Epiphany creates a time for us to explore how the Scriptures shed light on who God is, and how God is active in our lives. St. Mark’s opening verses invite us into this journey.

David J. Risendal, Pastor

Exploring This Week’s Gospel:

  1. What expectations did the first century faithful have about the Messiah?
  2. Why do these fishermen so quickly (and so eagerly?) leave it all to follow Jesus?
  3. What might the phrase “good news of God” mean to them?

Connecting with This Week’s Gospel:

  1. How might I increase my expectations of what God wants to do in my life?
  2. What sins of mine put distance between me and God?
  3. When has the gift of forgiveness changed my feelings about God, or myself?

Come, and See

Date: January 14, 2018
Liturgical Day: The First Sunday after the Epiphany; Year B

true evangelism
Philip says to Nathanael
Come and see


These days evangelism seems to have a bad name. But Philip shows us that it actually is quite simple and quite gracious. It has to do with inviting others to come and see how faith has blessed us, and the difference it makes in our lives.

Some discussion Questions:
1. Why do so many cringe, today, at the notion of evangelism?
2. What simle invitation does Philip make to his good friend Nathanael?
3. What do I appreciate most about my faith, and how might I share this, with grace and humility?

Download Sermon: 2018-01-14 Sermon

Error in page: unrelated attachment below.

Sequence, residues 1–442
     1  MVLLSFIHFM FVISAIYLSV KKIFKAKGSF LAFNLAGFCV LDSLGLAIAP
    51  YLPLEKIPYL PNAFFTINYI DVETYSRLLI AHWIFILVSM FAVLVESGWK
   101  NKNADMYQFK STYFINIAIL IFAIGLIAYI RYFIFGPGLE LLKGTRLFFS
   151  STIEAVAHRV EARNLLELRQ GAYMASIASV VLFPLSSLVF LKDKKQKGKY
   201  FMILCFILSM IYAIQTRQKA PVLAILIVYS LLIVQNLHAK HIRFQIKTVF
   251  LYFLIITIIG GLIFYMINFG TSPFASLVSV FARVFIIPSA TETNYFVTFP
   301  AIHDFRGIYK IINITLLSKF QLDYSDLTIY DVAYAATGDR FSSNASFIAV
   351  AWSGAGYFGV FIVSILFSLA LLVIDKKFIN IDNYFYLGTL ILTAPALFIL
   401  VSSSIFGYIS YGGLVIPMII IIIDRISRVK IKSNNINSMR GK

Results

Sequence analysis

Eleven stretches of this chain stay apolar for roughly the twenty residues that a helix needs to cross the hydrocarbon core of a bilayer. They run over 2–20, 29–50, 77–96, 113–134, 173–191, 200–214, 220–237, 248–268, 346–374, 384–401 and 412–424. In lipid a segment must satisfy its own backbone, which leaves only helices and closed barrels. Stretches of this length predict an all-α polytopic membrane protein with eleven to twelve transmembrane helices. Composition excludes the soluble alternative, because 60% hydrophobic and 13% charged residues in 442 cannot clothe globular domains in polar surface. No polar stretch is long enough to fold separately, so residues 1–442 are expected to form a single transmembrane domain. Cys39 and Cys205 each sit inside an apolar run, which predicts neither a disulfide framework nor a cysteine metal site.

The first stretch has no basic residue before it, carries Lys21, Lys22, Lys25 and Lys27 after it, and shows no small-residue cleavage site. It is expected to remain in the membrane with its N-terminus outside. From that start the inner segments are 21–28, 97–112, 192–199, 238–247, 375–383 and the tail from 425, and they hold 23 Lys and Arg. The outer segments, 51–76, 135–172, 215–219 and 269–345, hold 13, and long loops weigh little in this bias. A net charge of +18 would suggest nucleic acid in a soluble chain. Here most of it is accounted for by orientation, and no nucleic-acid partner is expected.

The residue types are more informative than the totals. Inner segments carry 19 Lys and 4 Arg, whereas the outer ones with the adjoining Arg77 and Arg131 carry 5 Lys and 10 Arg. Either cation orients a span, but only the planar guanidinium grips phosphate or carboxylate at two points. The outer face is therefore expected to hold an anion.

The Second Sunday after the Epiphany; Year B (1/14/2018)

1st Samuel 3:1-10 [11-20]
Psalm 139:1-6, 13-18
1st Corinthians 6:12-20
St. John 1:43-51

Prayer of the Day:
Thanks be to you Lord Jesus Christ, most merciful redeemer, for the countless blessings and benefits you give. May we know you more clearly, love you more dearly, and follow you more nearly, day by day praising you, with the Father and the Holy Spirit, one God, now and forever. Amen.

1.43 The next day Jesus decided to go to Galilee. He found Philip and said to him, “Follow me.” 44 Now Philip was from Bethsaida, the city of Andrew and Peter. 45 Philip found Nathanael and said to him, “We have found him about whom Moses in the law and also the prophets wrote, Jesus son of Joseph from Nazareth.” 46 Nathanael said to him, “Can anything good come out of Nazareth?” Philip said to him, “Come and see.” 47 When Jesus saw Nathanael coming toward him, he said of him, “Here is truly an Israelite in whom there is no deceit!” 48 Nathanael asked him, “Where did you get to know me?” Jesus answered, “I saw you under the fig tree before Philip called you.” 49 Nathanael replied, “Rabbi, you are the Son of God! You are the King of Israel!” 50 Jesus answered, “Do you believe because I told you that I saw you under the fig tree? You will see greater things than these.” 51 And he said to him, “Very truly, I tell you, you will see heaven opened and the angels of God ascending and descending upon the Son of Man.”